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Psycasm is the exploration of the world psychological. Every day phenomenon explained and manipulated to one's own advantage. Written by a slightly overambitious undergrad, Psycasm aims at exploring a whole range of social and cognitive processes in order to best understand how our minds, and those mechanisms that drive them, work.

My posts are presented as opinion and commentary and do not represent the views of LabSpaces Productions, LLC, my employer, or my educational institution.

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Tuesday, October 26, 2010

[Wherein our hero considers how he might think himself smarter. Yet it appears Brain-Training might just be woo.]

At this time of year I start wondering how to get an edge in my exams. Is studying really the best way about it? Last exam period I examined the best way to use caffiene, and I ran a series of informal experiments to figure my own personal method out [here]. 

This time round I was thinking - how can I improve my working memory / fluid intelligence. I'd heard a bit in the pop media about some tasks that can improve some general capacities and I thought sounds reasonable.

Fluid intelligence / working memory is your capacity to hold things in mind and access them quickely and efficiently; it's the capacity 'to hold a representation active in the face of distraction and interference'. I may be using those terms [working memory, fluid intelligence] incorrectly, so please correct me if that's the case. For instance I have a heavily weighted multichoice stats exam coming up. It would be useful to be able to peruse the whole sheet and kind of keep a running log of here are the questions on x, here are the questions on y... and be able to identify common threads. Now when you have a large number of variables and things to keep track of this becomes very difficult, but it sounds reasonable to assume one can improve that ability.

So I looked into it. I started with Jaeggi (2008) who claimed her dual N-back task was capable of improving ones fluid intelligence, generally speaking. The N-back is an attention and working memory arse-kicker. Play it here: [it's a safe download, and a fairly involving task]. It involves holding and constantly updating a spatial and audio memory and matching congruence against incongruence.

Well, the big thing was that Jaeggi claimed the skills practiced here transfered generally to working memory, and weren't limited to the N-back itself. This is meaningful given that all data up to that point suggested that one can improve one's capacity at a certain activity, but only on that activity. Memory training and everything of that ilk is non-transferable. For instance I was once told to improve my memory I might take a deck of cards and turn a card over every day. Each day I ought to memorize that card. Each day the list of cards I'm supposed to hold in mind gets longer, and as a result my 'memory' improves. That sounds reasonable - I practice remembering and my capacity to remember improves.  However, the science suggests that I will only improve at my capacity to recall x on an x+1 daily basis. It's not going to allow me to hold shopping lists or phone number in mind any better. Jaeggi claimed her dual N-back task could transfer its benefit - that is, training in it would improve all kinds of working memory tasks.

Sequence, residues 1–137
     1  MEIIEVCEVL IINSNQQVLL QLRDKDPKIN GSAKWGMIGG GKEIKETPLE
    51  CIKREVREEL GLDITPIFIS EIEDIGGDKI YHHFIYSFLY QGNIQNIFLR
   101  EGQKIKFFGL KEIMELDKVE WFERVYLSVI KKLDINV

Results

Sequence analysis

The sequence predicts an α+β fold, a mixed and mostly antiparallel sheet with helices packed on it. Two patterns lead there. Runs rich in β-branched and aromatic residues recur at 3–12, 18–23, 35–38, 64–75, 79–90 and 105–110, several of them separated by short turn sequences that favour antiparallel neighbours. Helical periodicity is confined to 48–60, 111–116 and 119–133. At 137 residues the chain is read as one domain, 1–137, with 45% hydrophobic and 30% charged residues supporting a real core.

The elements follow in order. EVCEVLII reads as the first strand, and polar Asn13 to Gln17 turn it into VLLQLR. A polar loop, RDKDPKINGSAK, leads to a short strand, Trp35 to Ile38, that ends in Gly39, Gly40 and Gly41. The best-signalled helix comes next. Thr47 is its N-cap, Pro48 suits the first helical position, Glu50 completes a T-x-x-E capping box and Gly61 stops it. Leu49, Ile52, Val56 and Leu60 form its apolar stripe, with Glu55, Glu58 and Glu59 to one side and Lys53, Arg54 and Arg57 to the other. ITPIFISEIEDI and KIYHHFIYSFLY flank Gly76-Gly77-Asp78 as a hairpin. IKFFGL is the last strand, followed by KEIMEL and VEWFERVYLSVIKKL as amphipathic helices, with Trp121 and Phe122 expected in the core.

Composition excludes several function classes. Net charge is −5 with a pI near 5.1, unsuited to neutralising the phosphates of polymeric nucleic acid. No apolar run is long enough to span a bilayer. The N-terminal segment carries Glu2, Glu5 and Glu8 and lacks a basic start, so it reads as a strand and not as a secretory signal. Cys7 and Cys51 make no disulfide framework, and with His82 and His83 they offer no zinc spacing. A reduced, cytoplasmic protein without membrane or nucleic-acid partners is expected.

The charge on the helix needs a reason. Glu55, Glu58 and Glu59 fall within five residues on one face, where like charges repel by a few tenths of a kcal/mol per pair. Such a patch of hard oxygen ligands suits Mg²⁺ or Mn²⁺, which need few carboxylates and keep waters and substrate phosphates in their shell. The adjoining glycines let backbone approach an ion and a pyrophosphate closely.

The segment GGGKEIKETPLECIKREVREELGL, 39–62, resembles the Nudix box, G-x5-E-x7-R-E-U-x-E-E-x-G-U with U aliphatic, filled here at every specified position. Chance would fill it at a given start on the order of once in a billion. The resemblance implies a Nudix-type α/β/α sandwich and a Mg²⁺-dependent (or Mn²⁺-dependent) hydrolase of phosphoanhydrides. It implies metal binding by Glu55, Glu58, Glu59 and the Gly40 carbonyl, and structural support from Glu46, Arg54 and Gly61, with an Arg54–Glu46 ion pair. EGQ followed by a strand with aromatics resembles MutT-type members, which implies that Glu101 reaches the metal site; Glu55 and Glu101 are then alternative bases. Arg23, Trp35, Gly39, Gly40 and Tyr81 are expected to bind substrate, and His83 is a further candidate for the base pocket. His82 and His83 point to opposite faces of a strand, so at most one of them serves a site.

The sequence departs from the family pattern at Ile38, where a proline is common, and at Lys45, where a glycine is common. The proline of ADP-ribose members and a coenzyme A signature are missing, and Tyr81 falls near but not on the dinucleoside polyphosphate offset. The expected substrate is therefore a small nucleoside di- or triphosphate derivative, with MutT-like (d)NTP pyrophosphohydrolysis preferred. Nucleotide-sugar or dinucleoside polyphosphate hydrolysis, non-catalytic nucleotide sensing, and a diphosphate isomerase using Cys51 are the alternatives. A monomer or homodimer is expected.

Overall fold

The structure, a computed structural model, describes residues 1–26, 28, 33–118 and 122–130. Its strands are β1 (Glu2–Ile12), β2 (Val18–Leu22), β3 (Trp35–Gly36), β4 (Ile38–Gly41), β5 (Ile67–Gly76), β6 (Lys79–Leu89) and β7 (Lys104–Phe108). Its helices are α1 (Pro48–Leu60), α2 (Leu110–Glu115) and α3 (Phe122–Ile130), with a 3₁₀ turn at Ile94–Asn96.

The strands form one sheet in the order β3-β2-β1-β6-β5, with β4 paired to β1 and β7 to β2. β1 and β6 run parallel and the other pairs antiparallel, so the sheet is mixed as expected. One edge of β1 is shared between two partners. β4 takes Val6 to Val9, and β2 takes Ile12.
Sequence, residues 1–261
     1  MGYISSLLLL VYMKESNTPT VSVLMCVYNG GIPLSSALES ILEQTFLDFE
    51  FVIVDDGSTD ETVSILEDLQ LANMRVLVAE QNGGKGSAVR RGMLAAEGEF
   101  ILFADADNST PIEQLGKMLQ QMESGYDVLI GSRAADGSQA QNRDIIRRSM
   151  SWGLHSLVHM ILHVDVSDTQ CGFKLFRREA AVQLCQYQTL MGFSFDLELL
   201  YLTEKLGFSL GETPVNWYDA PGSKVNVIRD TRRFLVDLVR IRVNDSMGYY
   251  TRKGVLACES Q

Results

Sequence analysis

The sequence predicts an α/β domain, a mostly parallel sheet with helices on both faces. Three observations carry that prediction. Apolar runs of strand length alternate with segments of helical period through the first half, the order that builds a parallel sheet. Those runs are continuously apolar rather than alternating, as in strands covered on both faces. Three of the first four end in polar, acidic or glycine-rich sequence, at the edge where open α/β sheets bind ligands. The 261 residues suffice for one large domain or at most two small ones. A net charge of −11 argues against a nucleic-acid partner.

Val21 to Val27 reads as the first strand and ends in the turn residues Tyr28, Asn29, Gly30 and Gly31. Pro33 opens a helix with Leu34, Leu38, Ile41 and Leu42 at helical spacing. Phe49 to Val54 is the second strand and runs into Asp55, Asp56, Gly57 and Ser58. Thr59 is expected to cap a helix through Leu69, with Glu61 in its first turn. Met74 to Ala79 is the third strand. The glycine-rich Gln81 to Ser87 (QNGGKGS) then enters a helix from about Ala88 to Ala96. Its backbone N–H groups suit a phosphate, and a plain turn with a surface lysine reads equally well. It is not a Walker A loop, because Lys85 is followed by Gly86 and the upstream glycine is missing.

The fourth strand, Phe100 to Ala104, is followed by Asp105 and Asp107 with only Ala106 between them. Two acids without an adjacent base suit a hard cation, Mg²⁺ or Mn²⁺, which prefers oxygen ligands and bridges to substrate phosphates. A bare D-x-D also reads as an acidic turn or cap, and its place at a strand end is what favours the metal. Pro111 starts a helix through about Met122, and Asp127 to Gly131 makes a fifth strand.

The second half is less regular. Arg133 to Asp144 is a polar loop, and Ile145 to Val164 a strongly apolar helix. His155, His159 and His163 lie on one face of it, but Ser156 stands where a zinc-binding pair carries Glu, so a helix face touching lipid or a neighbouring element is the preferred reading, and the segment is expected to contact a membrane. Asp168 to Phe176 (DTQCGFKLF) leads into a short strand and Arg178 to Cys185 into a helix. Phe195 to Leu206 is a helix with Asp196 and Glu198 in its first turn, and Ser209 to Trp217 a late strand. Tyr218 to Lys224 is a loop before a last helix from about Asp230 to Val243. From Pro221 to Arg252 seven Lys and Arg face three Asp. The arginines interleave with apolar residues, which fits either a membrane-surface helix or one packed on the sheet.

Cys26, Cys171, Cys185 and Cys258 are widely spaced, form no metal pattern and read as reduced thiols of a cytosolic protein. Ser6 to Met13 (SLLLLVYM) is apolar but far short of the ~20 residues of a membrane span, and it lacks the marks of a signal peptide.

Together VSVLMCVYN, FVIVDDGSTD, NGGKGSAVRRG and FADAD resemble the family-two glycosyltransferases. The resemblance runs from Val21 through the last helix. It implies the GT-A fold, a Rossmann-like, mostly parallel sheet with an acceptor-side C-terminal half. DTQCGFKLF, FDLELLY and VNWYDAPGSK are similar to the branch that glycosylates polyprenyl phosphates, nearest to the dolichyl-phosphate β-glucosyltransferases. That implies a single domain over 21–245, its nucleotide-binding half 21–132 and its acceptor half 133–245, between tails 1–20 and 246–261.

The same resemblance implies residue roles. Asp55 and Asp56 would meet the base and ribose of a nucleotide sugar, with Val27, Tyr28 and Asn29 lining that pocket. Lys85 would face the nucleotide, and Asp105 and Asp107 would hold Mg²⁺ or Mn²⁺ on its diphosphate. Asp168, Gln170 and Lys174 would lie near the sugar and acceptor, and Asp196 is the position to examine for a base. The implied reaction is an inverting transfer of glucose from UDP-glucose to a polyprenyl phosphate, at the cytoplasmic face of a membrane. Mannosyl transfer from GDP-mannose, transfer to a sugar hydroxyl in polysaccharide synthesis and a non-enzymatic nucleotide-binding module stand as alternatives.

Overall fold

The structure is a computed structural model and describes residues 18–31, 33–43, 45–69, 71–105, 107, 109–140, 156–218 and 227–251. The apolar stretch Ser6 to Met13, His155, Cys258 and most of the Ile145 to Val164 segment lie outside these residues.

It's a bit of a murky area. Those who stand to benefit from it the most - older adults who are staving off mental decline, and younger children who are yet to fully realize their capacities - may benefit from such training. According Carretti, Borella and De Beni such practise (at a working memory task) improved their capacity at the task to a significant degree. This is meaningful, some older adults may need such training. Dahlin, Nyberg and Backman (2008) looked more closely at children and found that a working memory tasked transfered to an untrained 3-back working memory task.  That sounds limited, but is pretty amazing - the kids did one thing, and got better at another.

But what about the young, educated, white male? How am I supposed to get an edge? How am I supposed to handle moderated multiple and heirarchical regression? What about mediation? Screw the -diation, what about me?

Owen, Hampshire and six others (2010) conducted a huge study, from which the following excerpt is ripped from their abstract:

Here we report the results of a six-week online study in which 11,430 participants trained several times each week on cognitive tasks designed to improve reasoning, memory, planning, visuospatial skills and attention. Although improvement were observed in every one of the cognitive tasks that were trained no evidence was found for transfer effects to untrained tasks, even when those tasks were cognitively closely related.

...and this mirrors the wider sentiment. Such cognitive training does not transfer. I'm sorry to all you nintendo DS owners out there engaging in your Brain Training, but the science suggests you're only getting good at improving your high score, not your general cognitive ability.

That's not to say it has no benefit - particularly for older individuals; and that's not to say it doesn't have other benefits, such as staving off cognitive decline (that's a whole different blog post, for sure). But if you're hoping to be able to remember someone's birthday a little better, I suggest google calendars.